I have a master and hot standby setup with PostgreSQL 9.3, and I'm attempting to monitor the state of replication on the standby using the check_postgres tool and the "hot_standby_delay" action. This seems to work by calculating the difference in bytes between the xlog position on the master and the standby.

In numerous online examples I have seen warning and critical thresholds for this in the < 1MB range. The exact command we are using in Nagios is:

/usr/local/bin/check_postgres.pl --action=hot_standby_delay --host=$HOSTNOTES$,$HOSTADDRESS$ --port=5432 --dbname=monitoring --dbuser=monitoring --dbpass=monitoring --warning=1000000 --critical=5000000

Which should set a warning at roughly 1MB and an outage at roughly 5MB. However, on our servers we routinely see it spike to a high level, like this:

[1417719713] SERVICE ALERT: host;PostgreSQL: Replication Delay;CRITICAL;SOFT;1;POSTGRES_HOT_STANDBY_DELAY CRITICAL: DB "monitoring" (host:host.example.com) 121175880
[1417719773] SERVICE ALERT: host;PostgreSQL: Replication Delay;CRITICAL;SOFT;2;POSTGRES_HOT_STANDBY_DELAY CRITICAL: DB "monitoring" (host:host.example.com) 132780968
[1417719833] SERVICE ALERT: host;PostgreSQL: Replication Delay;CRITICAL;SOFT;3;POSTGRES_HOT_STANDBY_DELAY CRITICAL: DB "monitoring" (host:host.example.com) 21412936

Followed up on the next Nagios check with:

[1417719893] SERVICE ALERT: host;PostgreSQL: Replication Delay;OK;SOFT;4;POSTGRES_HOT_STANDBY_DELAY OK: DB "monitoring" (host:host.example.com) 0

So in the general sense it seems that replication is working (and indeed, performing a data update on the master sees immediate results on the standby).

Unfortunately this scenario makes the monitoring useless since it is triggering a false positive many times a day. From what I've found between the documentation and other examples of using this, this result is not typical, and most people are able to set a threshold of 1MB or less and only see errors when there are in fact errors.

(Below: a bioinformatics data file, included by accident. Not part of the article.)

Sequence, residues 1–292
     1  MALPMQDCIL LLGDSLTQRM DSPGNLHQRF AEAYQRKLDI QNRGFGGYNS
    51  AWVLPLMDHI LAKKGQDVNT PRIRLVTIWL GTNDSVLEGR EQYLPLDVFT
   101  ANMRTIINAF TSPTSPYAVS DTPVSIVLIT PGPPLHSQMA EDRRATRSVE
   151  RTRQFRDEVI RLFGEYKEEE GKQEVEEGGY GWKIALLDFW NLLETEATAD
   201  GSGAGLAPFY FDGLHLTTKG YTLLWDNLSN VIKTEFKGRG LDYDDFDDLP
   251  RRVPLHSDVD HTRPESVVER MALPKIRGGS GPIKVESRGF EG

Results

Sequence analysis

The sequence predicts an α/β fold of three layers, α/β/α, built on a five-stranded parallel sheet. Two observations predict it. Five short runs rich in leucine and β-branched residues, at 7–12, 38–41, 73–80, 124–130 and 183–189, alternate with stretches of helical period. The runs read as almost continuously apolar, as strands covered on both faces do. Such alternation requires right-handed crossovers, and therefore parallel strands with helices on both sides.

Does anybody have any idea of what I could try with the configuration to remedy this? On this particular install we have changed only a few parameters, and of those, only wal_keep_segments seems even remotely related (and we have that set to 128).

Both master and standby are hosted in EC2 in the same availability zone and there don't seem to be any communication delays between them. This is also a very low-traffic database so I am uncertain as to how the xlog delta could be that far off to begin with, unless I am missing some very critical fact.

  • I suspect (but this i just gut feeling) that there might be a problem with the monitoring setup rather than the replication. Flipping between 0 replication delay and a high number suggests that the script might occasionally be failing to grab the info it needs from one of the databases. I suggest (1) looking at Nagios logs to see if there's any indication of the script having problems talking to the databases (2) trying to verify independently of the script whether repliction is working or not. – Paul Haldane Dec 4 '14 at 23:11

A check that returns SOFT CRITICAL does not trigger notifications, as it has not reached the max_check_attempts threshold. This is not a false positive; it is Nagios working as designed. This is quite normal (for many services, not just for your case). It's exactly why max_check_attempts exists.

In your case, it's returning to normal within 3 minutes of the initial non-OK check result. For some services, that amount of time out-of-sync is acceptable, but it might not be for your use case. I don't know enough about Postgres replication to say definitively if it's indicative of an underlying problem or not.

  • That makes sense -- I tried upping the max_check_attempts but I am still wondering if this is indicative of a problem with the replication or not. With a value of 8-10 it seems to be stable, but the logs indicate that the byte offset difference still spikes heavily. That definitely seems to be a PostgreSQL-centric issue. Perhaps for now I'll have to live with it... – futureal Dec 6 '14 at 9:00

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